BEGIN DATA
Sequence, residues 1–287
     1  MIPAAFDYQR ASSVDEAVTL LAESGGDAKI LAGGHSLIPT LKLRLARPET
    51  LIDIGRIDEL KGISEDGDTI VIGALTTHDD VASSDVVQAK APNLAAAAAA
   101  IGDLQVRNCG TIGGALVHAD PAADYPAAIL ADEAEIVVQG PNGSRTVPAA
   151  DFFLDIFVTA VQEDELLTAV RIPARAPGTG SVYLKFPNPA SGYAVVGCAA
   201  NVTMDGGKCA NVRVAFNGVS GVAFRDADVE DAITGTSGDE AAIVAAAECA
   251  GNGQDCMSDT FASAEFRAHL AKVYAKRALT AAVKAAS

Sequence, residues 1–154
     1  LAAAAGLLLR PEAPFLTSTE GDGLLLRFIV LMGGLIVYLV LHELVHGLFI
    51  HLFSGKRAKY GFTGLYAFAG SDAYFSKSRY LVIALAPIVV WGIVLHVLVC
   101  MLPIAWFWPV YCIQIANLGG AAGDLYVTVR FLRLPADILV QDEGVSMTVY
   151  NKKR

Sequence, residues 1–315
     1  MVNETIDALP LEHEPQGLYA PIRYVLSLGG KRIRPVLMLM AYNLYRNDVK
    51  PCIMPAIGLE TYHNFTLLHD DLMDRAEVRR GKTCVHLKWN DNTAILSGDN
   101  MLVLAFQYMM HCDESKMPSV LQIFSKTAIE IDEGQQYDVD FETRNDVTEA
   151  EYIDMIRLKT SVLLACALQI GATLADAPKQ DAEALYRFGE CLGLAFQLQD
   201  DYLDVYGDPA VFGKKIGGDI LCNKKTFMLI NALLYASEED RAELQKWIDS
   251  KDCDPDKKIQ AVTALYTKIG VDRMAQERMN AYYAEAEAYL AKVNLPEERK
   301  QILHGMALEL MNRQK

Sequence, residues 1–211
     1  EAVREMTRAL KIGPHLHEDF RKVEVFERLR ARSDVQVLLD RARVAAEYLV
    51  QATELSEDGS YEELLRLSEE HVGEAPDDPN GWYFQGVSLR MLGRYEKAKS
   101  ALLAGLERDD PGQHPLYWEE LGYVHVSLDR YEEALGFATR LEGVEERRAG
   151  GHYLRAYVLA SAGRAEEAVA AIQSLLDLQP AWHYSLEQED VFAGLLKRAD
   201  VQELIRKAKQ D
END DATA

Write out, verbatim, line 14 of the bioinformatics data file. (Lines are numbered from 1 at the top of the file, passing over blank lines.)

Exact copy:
     1  MVNETIDALP LEHEPQGLYA PIRYVLSLGG KRIRPVLMLM AYNLYRNDVK